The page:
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The brain is not everything. Despite employing two future Nobel laureates, long-term capital management went bankrupt in late 1998, becoming a byword for investor hubris and systemic risk. LTCM was a global beater, raising more than $1 billion between 1994 and 1998 as its executives touted their approach that they boasted of using leverage to take advantage of bond and equity arbitrage opportunities. interest rate while reducing risk.

But it all went wrong in August 1998 when Russian markets imploded after Moscow devalued the rouble, defaulted on domestic debt and declared a moratorium on payments to foreign creditors. LTCM’s highly leveraged exposure to Russia led to the collapse of the hedge fund, with the Federal Reserve coordinating a then-historic $3.6 billion bailout led by the fund’s creditor banks.

These woes are regularly invoked during times of financial stress, as wary investors keep their eyes peeled for the upcoming LTCM. In June, investor Michael Novogratz called the turmoil in crypto markets the industry’s “long-term capital management moment.” The initial incident was the first time MarketWatch covered Wall Street’s excessive risk-taking that culminated in a government-led bailout. But MarketWatch’s coverage of the “bailout culture” would continue.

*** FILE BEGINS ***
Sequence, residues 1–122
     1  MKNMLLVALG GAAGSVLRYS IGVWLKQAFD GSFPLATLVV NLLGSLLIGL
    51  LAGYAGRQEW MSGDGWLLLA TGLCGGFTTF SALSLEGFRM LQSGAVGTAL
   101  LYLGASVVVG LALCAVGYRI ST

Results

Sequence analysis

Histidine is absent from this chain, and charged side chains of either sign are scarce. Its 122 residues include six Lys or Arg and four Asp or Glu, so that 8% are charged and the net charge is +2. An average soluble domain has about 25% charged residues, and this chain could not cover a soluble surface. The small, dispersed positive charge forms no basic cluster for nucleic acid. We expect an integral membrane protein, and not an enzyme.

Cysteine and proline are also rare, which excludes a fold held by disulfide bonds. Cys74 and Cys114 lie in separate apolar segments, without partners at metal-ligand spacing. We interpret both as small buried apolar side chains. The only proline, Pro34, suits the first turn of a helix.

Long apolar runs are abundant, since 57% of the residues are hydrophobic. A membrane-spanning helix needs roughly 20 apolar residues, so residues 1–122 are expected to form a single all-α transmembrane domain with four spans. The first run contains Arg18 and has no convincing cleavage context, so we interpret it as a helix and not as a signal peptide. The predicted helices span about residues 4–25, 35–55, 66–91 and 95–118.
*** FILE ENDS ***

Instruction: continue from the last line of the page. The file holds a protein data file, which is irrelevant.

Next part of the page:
3. The tech bubble of the 1990s, the boom and bust of IPOs

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MarketWatch didn’t just cover the dot-com boom and bust, it participated in the frenzy. The fledgling news site was one of many San Francisco-based companies racing to finalize business plans for immediate Wall Street riches. Initial public offerings of the time were often not dependent on companies’ financial performance, but instead relied on their ability to sell a new future.

Near the peak of the surge, MarketWatch went public in January 1999 at $17 per share, despite losing more than $8 million the previous year on less than $5 million in revenue. A valuation of around $200 million at IPO price has more than quintupled in just the first day of trading, making MarketWatch a billion-dollar company. Vincent Slavin, an institutional trader, was candid when describing MarketWatch’s IPO: “It’s complete madness.”

Other Wall Street analysts told Wired that MarketWatch is a “scruffy business” that, unlike a newspaper, “won’t have to deal with newsprint, delivery trucks, labor unions and other disorderly spending”.